22-year-old Nick speaks out about mental health benefits of hospice care this Children’s Hospice Week
Nick Cornwell, age 22 from Rowlands Gill, Gateshead, has been supported by our Children and Young Adults Service two nights a month for short breaks since August 2019.
Nick’s living with a complex medical condition called Spastic Quadriplegic Cerebral Palsy, a condition he’s had from birth due to brain damage when he was just five days old
This Children’s Hospice Week, Nick has spoken about how the care he receives from us benefits both him and his family, and how his mental health deteriorated when he was unable to access our service during the peak of the Coronavirus pandemic last year.
“During the peak of the pandemic, I had to shield which meant I wasn’t able to come to St Oswald’s Hospice for my regular stays, which negatively impacted on my mental health. The short breaks aren’t just important for the young person, but their family too. I live with my Mam and Dad, and my Mam is my main carer, so when I’m in the Hospice we all get a break.”
Talking about his medical condition, Spastic Quadriplegic Cerebral Palsy, Nick continued:
“I was really poorly when I was born and at five days old I suffered brain damage from over ventilation. Because of my condition, I have a learning disability, which isn’t always noticeable when people first meet me as I have good communication, but it does mean that I struggle to communicate when I need help, and I rely on people asking me if I’m OK.
“There’s other complications with cerebral palsy; I need a gastrostomy tube to make sure I get enough water throughout the day, and I have a colostomy bag.
“I also experience sleep apnoea, which means that I sometimes stop breathing when I sleep so I need a ventilator at night time, and sometimes during the day too. Because the care at St Oswald’s Hospice is so specialised they’re able to help care for all of my needs.”
Nick’s Cerebral Palsy means that he needs to use a wheelchair and has limited movement. He relies heavily on technology which he says has had a life changing impact:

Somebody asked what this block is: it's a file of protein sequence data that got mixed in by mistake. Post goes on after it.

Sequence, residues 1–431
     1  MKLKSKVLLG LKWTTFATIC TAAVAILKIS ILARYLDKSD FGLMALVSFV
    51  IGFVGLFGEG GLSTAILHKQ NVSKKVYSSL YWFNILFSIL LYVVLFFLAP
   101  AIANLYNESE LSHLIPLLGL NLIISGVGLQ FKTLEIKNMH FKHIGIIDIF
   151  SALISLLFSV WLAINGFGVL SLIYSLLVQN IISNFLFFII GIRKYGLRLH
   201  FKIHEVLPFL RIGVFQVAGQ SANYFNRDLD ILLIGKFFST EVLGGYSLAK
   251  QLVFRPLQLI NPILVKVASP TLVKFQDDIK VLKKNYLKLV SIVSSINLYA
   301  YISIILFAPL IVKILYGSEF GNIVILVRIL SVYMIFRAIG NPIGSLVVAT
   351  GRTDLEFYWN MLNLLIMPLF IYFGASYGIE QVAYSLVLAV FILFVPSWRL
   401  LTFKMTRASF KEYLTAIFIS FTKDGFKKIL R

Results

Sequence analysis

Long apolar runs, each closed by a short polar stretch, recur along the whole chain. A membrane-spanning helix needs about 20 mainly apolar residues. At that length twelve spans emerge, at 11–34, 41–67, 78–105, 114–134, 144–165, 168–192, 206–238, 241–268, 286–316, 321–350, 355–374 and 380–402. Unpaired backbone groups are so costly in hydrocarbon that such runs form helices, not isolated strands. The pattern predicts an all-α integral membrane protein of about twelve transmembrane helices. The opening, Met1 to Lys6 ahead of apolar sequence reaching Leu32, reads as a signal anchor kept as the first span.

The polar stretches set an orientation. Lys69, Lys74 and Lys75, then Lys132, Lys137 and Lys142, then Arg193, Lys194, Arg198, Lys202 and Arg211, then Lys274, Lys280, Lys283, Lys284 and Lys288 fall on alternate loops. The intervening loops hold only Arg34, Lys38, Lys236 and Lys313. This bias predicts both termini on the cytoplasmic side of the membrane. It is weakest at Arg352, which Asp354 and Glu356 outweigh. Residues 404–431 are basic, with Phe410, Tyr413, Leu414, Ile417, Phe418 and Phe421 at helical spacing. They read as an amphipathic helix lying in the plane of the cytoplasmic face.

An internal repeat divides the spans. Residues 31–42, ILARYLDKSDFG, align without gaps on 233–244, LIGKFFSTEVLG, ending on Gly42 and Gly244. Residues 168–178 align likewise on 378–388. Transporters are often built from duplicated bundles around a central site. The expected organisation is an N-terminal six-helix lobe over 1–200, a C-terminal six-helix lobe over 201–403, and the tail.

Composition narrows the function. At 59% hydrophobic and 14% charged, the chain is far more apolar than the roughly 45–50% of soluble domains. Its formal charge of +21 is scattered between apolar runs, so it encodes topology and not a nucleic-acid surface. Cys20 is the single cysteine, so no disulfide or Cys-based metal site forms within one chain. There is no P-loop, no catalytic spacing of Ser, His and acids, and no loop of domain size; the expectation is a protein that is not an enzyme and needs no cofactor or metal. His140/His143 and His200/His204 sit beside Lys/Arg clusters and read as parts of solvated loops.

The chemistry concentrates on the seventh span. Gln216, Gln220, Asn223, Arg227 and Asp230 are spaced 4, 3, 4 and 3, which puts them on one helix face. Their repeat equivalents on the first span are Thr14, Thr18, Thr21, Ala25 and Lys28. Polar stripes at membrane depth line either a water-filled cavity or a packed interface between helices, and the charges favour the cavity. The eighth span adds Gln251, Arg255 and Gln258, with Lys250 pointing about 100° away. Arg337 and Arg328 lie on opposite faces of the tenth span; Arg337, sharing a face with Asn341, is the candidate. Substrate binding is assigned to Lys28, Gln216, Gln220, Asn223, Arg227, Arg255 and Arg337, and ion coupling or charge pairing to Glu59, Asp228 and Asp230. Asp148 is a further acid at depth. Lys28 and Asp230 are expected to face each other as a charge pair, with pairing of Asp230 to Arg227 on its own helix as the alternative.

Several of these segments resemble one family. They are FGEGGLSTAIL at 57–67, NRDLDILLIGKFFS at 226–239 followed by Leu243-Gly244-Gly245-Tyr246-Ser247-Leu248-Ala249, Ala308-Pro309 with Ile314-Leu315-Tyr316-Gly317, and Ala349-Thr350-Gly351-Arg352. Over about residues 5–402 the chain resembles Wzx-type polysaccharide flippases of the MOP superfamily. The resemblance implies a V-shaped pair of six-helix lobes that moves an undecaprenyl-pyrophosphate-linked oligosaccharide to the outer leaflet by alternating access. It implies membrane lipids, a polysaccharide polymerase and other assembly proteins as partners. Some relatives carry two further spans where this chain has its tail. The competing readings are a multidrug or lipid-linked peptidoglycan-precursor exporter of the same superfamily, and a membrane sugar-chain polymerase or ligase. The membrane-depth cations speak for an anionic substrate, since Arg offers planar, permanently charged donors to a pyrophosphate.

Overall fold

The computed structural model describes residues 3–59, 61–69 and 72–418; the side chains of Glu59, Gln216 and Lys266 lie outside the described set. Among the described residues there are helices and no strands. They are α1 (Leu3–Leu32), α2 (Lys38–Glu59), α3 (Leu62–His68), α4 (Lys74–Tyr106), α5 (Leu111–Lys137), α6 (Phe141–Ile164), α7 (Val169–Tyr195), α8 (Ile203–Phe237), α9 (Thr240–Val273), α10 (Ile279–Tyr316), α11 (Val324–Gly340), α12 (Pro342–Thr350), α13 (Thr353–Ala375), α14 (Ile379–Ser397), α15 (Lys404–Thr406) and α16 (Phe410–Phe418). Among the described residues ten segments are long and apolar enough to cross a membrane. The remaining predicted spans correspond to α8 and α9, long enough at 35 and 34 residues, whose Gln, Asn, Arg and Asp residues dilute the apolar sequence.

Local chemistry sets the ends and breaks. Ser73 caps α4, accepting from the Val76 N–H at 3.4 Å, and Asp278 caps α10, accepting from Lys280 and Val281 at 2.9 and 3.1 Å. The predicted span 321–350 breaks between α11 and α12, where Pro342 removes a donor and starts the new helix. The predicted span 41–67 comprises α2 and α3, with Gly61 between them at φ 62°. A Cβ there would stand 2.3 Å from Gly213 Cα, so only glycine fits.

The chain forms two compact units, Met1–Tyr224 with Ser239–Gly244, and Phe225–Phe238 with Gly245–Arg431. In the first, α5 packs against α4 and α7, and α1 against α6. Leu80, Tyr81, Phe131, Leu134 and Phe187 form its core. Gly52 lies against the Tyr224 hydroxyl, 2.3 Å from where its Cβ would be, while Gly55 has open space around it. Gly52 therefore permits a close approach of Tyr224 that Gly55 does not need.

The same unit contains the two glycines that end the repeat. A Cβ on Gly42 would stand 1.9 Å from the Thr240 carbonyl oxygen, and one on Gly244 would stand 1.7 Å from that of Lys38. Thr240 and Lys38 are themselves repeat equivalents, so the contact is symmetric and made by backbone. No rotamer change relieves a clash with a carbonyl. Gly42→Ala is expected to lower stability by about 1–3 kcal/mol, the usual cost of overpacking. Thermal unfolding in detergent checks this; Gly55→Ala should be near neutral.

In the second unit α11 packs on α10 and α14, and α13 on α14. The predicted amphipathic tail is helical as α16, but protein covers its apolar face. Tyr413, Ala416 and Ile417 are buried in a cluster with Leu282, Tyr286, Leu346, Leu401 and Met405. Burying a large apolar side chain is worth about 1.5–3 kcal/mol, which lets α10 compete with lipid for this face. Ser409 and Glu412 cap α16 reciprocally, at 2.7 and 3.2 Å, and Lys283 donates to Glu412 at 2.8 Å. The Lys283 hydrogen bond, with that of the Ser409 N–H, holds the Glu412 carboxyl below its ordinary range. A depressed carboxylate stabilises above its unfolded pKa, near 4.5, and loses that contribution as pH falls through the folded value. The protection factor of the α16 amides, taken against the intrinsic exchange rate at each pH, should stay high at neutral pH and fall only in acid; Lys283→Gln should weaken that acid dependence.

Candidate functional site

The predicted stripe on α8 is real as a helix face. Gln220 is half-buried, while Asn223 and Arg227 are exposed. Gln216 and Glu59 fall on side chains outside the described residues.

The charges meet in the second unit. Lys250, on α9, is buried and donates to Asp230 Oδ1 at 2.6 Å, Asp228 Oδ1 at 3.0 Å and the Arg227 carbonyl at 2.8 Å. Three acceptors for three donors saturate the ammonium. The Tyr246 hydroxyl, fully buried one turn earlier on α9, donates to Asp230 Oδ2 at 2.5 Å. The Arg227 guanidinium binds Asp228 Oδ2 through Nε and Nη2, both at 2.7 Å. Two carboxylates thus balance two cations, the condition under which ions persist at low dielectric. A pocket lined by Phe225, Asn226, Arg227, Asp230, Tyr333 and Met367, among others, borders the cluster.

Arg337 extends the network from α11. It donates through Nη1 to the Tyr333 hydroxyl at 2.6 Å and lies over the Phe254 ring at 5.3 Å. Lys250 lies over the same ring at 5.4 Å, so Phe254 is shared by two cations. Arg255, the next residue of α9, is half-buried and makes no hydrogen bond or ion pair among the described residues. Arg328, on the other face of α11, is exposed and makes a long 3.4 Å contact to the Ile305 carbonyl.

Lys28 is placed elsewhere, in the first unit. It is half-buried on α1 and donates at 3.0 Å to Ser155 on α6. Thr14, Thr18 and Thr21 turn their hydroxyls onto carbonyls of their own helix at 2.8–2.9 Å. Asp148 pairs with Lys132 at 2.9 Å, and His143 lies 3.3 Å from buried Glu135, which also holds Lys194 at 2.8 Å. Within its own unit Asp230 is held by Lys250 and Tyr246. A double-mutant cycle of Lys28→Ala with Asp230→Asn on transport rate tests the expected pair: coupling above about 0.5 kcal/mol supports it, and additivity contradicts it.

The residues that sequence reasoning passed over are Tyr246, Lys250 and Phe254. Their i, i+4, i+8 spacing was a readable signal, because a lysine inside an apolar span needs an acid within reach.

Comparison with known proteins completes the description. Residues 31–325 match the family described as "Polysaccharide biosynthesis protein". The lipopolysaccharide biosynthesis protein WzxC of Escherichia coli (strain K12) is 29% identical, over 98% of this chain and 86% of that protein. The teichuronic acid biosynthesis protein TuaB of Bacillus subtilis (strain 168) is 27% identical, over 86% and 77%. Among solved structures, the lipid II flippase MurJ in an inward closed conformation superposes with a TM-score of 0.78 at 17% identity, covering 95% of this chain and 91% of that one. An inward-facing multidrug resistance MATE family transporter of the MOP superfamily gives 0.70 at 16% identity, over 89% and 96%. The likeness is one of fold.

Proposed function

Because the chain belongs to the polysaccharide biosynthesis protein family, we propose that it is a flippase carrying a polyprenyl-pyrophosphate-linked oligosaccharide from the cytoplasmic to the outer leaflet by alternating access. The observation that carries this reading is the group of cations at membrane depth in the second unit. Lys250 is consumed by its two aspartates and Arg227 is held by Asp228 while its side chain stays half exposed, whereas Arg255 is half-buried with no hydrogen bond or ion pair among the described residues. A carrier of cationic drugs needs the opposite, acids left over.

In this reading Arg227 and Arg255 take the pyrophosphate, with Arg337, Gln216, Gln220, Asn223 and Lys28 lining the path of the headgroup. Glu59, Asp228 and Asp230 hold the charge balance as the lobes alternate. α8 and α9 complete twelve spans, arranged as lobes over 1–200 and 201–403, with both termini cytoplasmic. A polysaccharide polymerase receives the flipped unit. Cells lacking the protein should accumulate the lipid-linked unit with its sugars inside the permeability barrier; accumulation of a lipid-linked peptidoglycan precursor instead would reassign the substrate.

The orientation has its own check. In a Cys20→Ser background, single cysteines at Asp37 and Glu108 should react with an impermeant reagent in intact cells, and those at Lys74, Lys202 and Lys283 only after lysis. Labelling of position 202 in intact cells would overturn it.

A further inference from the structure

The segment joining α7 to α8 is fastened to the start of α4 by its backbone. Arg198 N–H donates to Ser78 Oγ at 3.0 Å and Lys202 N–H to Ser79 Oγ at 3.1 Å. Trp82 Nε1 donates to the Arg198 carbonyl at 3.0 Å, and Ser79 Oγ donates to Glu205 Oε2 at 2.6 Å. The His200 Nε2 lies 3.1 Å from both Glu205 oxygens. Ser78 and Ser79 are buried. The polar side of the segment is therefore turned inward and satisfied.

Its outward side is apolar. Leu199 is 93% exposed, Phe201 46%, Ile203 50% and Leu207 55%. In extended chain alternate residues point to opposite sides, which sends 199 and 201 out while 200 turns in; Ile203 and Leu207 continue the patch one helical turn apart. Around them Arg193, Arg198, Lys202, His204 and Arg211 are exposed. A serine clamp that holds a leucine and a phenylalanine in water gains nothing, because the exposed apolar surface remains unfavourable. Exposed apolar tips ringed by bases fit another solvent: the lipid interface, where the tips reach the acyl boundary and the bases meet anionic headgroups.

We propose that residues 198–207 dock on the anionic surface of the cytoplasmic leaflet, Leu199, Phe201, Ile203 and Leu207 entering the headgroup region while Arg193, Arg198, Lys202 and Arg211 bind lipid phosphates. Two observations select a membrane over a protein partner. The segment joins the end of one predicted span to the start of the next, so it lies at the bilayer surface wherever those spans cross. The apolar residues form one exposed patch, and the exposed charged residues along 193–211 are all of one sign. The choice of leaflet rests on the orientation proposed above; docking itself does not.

“Technology is so useful to me. My watch has a voiceover function which is essential for me because I’m visually impaired and I’m unable to read due to brain damage. The watch allows me to send and receive text messages so I can keep in touch with my friends and family.”
As well as communication, technology is helping Nick to achieve something he never thought possible – to be able to walk using specialist equipment called Innowalk. Innowalk is a robotic rehabilitation trainer which allows people with moderate to severe physical disabilities to stand and move. Nick will be using his Innowalk throughout the month of July to take part in our 100km fundraising challenge, to thank our staff and volunteers for all they do.
“The care at St Oswald’s Hospice is outstanding, the staff are an excellent team who are dedicated to their job and take in to account everyone’s needs. As well as the care, I really enjoy socialising with them and other young adults who come for respite.
“As soon as people hear the word hospice, they immediately think about quite severe illness but St Oswald’s does a really good job of not focussing on that. It makes me feel sad that when I turn 25 I won’t be able to come to the Hospice, as their Children and Young Adult Service is only funded for people up that age. If there’s young people and families in a similar position and fit the criteria for hospices, I’d say go for it!”